The Chinese government must continue to strengthen economic policy in the face of the tough challenges being posed by the financial sector, the country's vice finance minister told CNBC on Wednesday.
"We still have many things that should be continually improved," Zhu Guangyao told CNBC.
"We must very closely watch the market, particularly the financial sector," he said, adding that total debt levels in the world's second largest economy should also be carefully monitored.
His words come after China's top brass pledged further reforms over the weekend while dispelling fears of a hard landing. On Saturday, Premier Li Keqiang announced a growth target of between 6.5 and 7 per cent for 2016 at the annual National People's Congress, down from last year's "about 7 per cent."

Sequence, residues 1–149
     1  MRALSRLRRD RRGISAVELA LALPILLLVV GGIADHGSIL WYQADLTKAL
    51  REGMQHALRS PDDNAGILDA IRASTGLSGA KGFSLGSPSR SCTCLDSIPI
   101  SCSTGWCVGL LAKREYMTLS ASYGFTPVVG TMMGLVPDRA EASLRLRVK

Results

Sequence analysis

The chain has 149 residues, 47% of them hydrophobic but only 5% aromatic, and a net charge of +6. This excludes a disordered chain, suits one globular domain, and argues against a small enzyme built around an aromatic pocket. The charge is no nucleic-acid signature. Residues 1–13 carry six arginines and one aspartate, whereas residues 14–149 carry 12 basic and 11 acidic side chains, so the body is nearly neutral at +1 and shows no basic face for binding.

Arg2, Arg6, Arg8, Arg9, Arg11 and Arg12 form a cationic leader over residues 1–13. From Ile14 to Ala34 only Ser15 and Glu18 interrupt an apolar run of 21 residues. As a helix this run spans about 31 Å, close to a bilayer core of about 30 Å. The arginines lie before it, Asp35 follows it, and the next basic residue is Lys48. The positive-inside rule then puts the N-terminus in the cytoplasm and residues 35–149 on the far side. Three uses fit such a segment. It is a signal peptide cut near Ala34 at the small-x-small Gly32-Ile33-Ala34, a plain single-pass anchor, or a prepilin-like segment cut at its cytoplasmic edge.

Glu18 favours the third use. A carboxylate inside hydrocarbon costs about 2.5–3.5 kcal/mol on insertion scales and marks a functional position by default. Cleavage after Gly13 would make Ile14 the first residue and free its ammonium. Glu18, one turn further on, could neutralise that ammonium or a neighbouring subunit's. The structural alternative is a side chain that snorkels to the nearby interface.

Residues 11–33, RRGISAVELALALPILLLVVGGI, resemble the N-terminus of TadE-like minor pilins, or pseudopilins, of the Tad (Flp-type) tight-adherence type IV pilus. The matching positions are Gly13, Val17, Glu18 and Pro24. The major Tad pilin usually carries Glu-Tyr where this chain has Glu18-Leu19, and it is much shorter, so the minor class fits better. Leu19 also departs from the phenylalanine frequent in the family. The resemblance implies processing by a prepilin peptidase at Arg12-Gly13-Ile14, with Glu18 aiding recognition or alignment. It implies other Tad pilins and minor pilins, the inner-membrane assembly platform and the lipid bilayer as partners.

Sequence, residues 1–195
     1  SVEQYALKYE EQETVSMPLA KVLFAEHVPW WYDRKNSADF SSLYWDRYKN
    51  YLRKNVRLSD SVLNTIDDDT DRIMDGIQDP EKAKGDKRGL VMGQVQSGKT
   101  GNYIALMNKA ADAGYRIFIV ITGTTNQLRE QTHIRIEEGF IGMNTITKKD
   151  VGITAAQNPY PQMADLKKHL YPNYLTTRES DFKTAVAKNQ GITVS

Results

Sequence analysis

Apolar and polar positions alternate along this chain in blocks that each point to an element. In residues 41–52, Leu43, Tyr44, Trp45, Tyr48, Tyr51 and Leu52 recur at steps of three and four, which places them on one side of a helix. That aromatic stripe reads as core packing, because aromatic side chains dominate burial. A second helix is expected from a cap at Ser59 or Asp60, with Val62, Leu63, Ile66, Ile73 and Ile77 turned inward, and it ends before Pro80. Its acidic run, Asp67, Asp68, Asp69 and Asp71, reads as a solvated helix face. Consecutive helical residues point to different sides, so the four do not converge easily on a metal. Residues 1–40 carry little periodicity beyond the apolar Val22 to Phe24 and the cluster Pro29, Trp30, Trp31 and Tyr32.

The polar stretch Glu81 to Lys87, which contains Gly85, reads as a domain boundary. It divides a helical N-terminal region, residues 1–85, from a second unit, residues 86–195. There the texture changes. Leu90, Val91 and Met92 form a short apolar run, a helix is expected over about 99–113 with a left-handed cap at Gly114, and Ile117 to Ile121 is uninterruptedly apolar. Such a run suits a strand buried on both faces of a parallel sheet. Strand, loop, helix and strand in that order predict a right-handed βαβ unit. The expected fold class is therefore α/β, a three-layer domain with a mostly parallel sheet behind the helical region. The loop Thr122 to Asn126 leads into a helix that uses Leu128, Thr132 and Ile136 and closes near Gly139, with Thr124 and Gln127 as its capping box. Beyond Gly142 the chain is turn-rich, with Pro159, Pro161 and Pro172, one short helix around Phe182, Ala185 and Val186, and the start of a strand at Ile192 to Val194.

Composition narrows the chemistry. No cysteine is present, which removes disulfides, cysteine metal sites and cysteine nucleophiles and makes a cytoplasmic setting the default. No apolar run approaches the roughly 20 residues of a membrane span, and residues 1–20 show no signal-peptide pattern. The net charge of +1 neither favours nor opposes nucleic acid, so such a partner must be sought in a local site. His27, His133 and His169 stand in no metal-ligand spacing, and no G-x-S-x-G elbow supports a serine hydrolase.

The pledges came amid concerns about the state of China's economy and Beijing's ability to manage its own economic transition to a more consumer-led economy. Such concerns have even roiled market sentiment around the globe and augmented some steep drops for equity markets since last summer.
In a report last year, the International Monetary Fund underlined the challenges being posed, highlighting that the "current growth model" was not an option for China.
"China still has the buffers and tools to prop up growth through continued reliance on credit and investment-fueled growth. However, over time, declining efficiency of investment would weigh on growth and further strain the repayment capacity of the corporate sector," the report stated.
It also highlighted a "no-reform scenario" that would require an increase in credit flow, which would boost the debt-to-GDP (gross domestic product) ratio in the country and lead to investment efficiencies
"Eventually financial conditions for the private sector would tighten, leading to a sharp reduction in investment, much slower growth, and increasing risk of disorderly adjustment," it said.
- CNBC's Huileng Tan contributed to this report.